As for existing inventory (Multiple Listing Service or MLS), the reason the numbers are down is because 11 million people are underwater on their mortgages and cannot sell at current prices without winding up deep in the red. Imagine you owed $400,000 on a house that is currently worth just $250,000. You’d stay put, right? Well, that’s what the 11 million people with negative equity are doing. They’re basically chained to their homes until prices rise. And, 11 million vastly underestimates the size of the problem, because the figure doesn’t take into account $800 billion in second liens which are also preventing stretched homeowners from moving. (These figures never appear in the data.) This is a real mess, mainly because (as Hanson notes) many of the homeowners that are underwater, would normally be repeat buyers, that is, people who usually move every 6 to 8 years. Repeat buyers are the heart-and-soul of the housing market because they represent nearly half of all organic sales. Recently, first-time buyers and investors have made up the bulk of sales, but their numbers are not great enough to effect a strong recovery. Repeat buyers need to resume their traditional spending pattern, but that’s not going to happen until prices rise enough for them to sell their current home without taking a bath.
Rising prices are not particular to Phoenix. Prices are up in more than 70% of the markets across the country and for the very same reason, manipulation by the banks. Keep in mind, that there are currently 5.57 million loans either delinquent or in the foreclosure process, (according to Lender Processing Service’s June Mortgage Monitor) and that the delinquency rate is 7.2%. So there’s no shortage of distressed homes for the banks to foreclose on if they chose to do so. But with interest rates at zero (free money) and accounting regulations that allow the banks to fudge the real value of their stockpile of dogshit loans, there’s no reason for the banks to hurry things along. In fact, it’s better for them to goose prices by tweaking inventory even if it drags the downturn out for another half decade or so.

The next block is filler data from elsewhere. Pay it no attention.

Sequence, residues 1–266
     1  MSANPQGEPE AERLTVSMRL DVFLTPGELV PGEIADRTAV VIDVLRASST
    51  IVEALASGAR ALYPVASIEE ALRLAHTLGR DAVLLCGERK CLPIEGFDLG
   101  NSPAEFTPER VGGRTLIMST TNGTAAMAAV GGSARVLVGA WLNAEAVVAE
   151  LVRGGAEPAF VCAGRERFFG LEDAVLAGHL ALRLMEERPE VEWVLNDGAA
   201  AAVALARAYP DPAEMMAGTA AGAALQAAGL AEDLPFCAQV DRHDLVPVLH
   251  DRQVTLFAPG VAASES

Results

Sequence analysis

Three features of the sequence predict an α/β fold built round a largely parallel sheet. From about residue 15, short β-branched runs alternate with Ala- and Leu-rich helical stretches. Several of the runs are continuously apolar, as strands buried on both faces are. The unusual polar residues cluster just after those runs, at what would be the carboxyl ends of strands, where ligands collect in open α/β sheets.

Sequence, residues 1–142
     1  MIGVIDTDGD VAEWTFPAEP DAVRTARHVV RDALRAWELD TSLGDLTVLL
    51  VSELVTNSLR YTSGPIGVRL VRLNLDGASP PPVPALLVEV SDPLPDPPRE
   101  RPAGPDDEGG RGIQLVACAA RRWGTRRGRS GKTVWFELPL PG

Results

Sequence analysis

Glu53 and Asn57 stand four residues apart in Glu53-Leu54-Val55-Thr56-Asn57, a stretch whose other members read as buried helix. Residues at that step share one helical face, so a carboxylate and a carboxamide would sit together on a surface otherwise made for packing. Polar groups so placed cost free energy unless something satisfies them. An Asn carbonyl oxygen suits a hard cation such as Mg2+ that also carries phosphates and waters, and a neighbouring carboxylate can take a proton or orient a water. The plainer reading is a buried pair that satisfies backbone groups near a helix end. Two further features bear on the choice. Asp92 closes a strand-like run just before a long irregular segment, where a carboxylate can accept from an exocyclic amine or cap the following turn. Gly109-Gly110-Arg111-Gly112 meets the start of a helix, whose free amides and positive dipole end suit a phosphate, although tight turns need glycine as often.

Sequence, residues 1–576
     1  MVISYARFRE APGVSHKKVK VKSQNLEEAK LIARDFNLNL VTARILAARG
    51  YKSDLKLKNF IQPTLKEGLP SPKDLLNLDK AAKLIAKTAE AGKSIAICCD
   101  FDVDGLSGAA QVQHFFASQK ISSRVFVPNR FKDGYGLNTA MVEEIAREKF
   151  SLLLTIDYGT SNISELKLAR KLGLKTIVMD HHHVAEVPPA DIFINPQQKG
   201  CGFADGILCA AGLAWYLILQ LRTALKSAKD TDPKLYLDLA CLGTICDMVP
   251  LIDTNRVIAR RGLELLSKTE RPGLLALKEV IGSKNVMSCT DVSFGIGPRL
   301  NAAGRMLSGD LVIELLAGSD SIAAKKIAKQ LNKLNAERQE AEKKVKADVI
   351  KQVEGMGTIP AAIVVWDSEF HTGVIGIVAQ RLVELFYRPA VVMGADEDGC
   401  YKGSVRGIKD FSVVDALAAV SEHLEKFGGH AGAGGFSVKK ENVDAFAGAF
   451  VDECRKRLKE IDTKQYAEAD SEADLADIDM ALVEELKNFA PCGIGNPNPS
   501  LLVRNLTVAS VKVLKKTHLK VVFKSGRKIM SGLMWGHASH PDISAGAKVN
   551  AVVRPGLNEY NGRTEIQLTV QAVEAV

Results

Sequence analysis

The banks have been so successful in turning things around, that it looks like some markets are already showing signs of overheating. That’s why–as we would expect–the number of distressed homes the banks are releasing in those markets is beginning to increase. According to ABC News: “The number of homes that received an initial notice of default — the first step in the foreclosure process — increased 6 percent in July compared to the same month last year, foreclosure listing firm RealtyTrac Inc. said Thursday.” So, presumably, in the hot markets, we can expect to see an uptick in bank-owned properties dumped on the market to boost sales and cool prices. My guess would be that the banks don’t want to see prices rise more than 1 or 2 percent year-over-year. That would maximize sales while stabilizing prices. It’s all central planning smoke and mirrors intended to lure more buyers back into the shark tank.
In my home town, Seattle, where housing prices lurched 2.64% higher month over month in June, foreclosure activity has suddenly “flipped from falling year-over-year to increasing year-over-year this month.” Notice of Trustee Sales is up 33.7% in the last month alone. This sudden reversal takes place in the same year that bank-owned share of total sales dropped from 23% to 9%. In other words, the foreclosure spigot had been turned to “OFF” before the market started overheating. This is consistent with our theory that the banks now believe they can fine-tune their meddling to stabilize prices and maximize sales. Their goal is to find the “sweet spot” or –what one analyst called “the equilibrium that allows them to dispose of REO without crashing prices.”
Here’s a good summation from O.C. Housing News:
“The story of the housing bubble is really the story of unprecedented market manipulation by lenders, legislators, regulators and the federal reserve. Predicting how this all plays out is fraught with difficulty, not because the basic economics are hard to understand, but because there is no way to predict when one of the key players will change a policy, what that change will be, and how that change will effect the market.”
The only real threat to the banks’ strategy at this point is higher interest rates, but, as we all know, the Fed would rather crash the dollar and destroy the economy than lay a finger on the banks.